Formula 1 Road trip!

Preparation and planning for this trip really paid off. The bus ran flawlessly through all 2245 miles round trip. With all rain in the forecast, we drove on dry roads for all but the last 2 hours of the trip as we headed in toward Circuit of the Americas near Austin, Texas.

We sat through two days of rain watching practice and support races but ended up with a perfectly beautiful day for the race. We got a chance to see a family member who lives in the Austin area. We also had a chance to meet up with a friend that works for Abel Motorsports on an F3 team. All in all, the trip couldn’t have been better, except for one nerve racking experience on the way home.

We had left the track on Sunday by about 4:00 PM and drove through to Texarcana, Texas where we stopped for a 3 hour nap at approximately 11:00 PM. We woke up refreshed and started back on our drive. Just before we reached Hope, Arkansas we passed an Arkansas State Police Trooper on the side of the road at about 4:00 AM on Monday morning. Cruise was set to 68 MPH in a 70 MPH zone when we passed him. I could see him in the median with his headlights on and didn’t think much more about it. It was nearly 10 minutes later and I noticed a car behind me pulling half way over the white line. The car maneuvered about a foot or two over the line in and out of the right lane of traffic for a few miles. It wasn’t until the blue lights came on that I realized it was the trooper behind us and we were being pulled over.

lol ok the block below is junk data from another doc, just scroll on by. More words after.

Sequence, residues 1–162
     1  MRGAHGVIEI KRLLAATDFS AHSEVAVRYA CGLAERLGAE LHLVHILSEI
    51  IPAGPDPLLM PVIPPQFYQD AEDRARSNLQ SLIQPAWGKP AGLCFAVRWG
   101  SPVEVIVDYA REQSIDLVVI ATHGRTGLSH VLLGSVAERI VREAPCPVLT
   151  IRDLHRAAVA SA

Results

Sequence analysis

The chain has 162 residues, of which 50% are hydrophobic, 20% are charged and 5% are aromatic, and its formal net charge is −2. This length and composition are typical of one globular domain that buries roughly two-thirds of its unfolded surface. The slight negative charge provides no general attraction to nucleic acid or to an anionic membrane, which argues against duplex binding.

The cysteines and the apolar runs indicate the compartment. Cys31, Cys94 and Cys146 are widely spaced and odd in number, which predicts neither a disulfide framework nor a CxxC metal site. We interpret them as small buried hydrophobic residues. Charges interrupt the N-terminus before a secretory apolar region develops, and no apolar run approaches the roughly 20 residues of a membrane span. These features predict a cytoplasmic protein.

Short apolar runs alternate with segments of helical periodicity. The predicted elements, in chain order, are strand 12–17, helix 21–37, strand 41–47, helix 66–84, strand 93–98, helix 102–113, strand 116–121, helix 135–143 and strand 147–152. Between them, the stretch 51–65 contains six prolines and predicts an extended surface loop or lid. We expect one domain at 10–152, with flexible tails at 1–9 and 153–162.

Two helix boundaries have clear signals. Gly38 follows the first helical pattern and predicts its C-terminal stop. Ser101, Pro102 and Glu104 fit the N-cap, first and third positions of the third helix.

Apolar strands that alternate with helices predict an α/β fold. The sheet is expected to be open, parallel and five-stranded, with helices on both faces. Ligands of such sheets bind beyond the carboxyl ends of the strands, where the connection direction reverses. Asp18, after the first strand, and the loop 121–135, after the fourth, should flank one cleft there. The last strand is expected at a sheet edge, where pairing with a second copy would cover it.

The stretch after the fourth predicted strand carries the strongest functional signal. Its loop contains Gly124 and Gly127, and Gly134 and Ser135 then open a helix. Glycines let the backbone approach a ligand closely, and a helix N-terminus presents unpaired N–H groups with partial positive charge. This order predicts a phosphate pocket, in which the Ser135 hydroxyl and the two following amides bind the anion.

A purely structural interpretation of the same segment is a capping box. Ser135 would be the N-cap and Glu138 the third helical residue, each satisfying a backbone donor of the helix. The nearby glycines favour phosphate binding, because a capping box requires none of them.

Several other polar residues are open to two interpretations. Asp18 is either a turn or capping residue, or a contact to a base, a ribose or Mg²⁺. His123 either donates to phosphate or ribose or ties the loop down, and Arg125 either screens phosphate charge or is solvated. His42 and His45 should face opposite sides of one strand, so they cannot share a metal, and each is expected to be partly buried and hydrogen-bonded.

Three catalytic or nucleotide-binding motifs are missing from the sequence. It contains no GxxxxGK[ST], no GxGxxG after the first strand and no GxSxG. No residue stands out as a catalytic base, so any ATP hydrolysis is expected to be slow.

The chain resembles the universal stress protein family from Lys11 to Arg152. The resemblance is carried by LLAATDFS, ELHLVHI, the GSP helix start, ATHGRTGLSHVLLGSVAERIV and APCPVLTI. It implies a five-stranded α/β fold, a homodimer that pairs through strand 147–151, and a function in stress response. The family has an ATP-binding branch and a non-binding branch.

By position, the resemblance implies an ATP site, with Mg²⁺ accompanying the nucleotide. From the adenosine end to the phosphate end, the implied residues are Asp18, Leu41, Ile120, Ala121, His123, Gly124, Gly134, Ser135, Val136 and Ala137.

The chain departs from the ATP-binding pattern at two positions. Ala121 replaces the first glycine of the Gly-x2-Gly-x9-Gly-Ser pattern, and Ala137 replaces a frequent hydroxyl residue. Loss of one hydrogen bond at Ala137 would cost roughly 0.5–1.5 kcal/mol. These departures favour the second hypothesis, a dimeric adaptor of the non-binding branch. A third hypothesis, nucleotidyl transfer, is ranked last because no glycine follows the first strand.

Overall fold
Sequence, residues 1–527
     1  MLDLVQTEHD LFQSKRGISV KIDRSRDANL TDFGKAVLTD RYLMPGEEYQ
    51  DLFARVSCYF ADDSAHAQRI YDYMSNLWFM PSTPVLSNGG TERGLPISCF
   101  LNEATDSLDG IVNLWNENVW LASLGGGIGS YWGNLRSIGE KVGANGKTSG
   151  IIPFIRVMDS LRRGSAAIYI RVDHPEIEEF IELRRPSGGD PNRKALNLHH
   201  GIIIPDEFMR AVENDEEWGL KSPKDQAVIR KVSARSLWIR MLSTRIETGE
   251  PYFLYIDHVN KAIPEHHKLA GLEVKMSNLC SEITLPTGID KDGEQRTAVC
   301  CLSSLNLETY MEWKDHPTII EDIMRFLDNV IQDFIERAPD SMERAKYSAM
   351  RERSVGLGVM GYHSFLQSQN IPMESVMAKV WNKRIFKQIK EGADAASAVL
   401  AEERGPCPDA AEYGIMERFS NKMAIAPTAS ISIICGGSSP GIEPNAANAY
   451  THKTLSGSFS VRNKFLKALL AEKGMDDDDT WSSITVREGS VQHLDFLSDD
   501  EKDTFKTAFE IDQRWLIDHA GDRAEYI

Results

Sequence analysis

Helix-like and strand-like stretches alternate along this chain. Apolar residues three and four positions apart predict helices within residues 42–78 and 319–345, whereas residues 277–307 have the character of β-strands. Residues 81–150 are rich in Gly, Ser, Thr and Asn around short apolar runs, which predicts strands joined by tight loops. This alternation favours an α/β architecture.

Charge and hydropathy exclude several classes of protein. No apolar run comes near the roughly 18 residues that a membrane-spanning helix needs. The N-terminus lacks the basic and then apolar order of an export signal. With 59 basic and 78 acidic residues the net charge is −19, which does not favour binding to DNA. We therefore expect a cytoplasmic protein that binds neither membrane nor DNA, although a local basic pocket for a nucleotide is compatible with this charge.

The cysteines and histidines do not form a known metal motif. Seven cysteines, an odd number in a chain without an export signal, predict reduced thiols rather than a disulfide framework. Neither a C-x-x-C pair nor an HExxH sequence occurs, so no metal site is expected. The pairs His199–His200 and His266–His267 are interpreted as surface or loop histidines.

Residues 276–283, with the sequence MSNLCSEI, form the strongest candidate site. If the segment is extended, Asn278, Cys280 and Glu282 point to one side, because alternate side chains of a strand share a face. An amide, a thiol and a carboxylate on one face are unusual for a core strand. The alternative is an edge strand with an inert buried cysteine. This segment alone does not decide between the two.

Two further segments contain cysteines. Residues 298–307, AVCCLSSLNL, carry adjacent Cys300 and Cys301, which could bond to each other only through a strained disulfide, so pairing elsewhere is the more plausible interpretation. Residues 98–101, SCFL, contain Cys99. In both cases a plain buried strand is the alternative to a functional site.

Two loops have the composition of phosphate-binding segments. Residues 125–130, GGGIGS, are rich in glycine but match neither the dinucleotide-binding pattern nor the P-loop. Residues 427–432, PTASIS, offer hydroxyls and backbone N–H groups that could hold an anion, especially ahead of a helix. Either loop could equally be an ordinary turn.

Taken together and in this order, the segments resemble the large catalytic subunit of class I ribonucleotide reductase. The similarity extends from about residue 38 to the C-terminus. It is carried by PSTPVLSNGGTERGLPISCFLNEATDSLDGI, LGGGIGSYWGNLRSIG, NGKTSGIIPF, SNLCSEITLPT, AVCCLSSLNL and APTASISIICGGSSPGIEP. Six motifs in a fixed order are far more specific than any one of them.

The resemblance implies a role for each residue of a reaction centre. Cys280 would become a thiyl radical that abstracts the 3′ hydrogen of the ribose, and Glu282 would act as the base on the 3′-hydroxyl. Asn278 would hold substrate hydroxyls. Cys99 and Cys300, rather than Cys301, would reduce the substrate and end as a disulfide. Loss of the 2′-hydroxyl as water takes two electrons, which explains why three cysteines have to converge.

As the trooper approached the passenger side of the bus we opened the small passenger window so we could communicate with him. But as he walked up I kept thinking about what I could have done to cause him to pull me over. I quickly reviewed the minutes after we went past the trooper. We spoke through the passenger window for a minute until he asked me to open the door to the bus. Quickly I ran through my legal rights reviewing what I could do in the situation. I knew I didn’t have to open the door, but chose to, just to ease the situation. He asked me the normal question, “Do you know why I pulled you over?” but I had to respond that I really had no idea. I knew I was under the speed limit and had not wandered out of my lane. It was at that point that he informed me that he noticed me weaving in my lane and was concerned about my safety. I knew that was not correct, but assured him that we had just stopped for a break from driving and I felt refreshed and ready to keep going. He released us and we were on our way.

But here is the issue that I have with all of this, I knew I had not drifted out of my lane and I knew I was below the speed limit, but it was my word against his. How different would his response be depending on who was in that bus? It was the one point in the entire drive that I felt that I was no longer in control.

No matter how well you plan and prepare, there will always be things that are outside your control while travelling. Stay positive, respond in the most appropriate way possible, and treat people with respect when things outside of your control maneuver across the line into your life.

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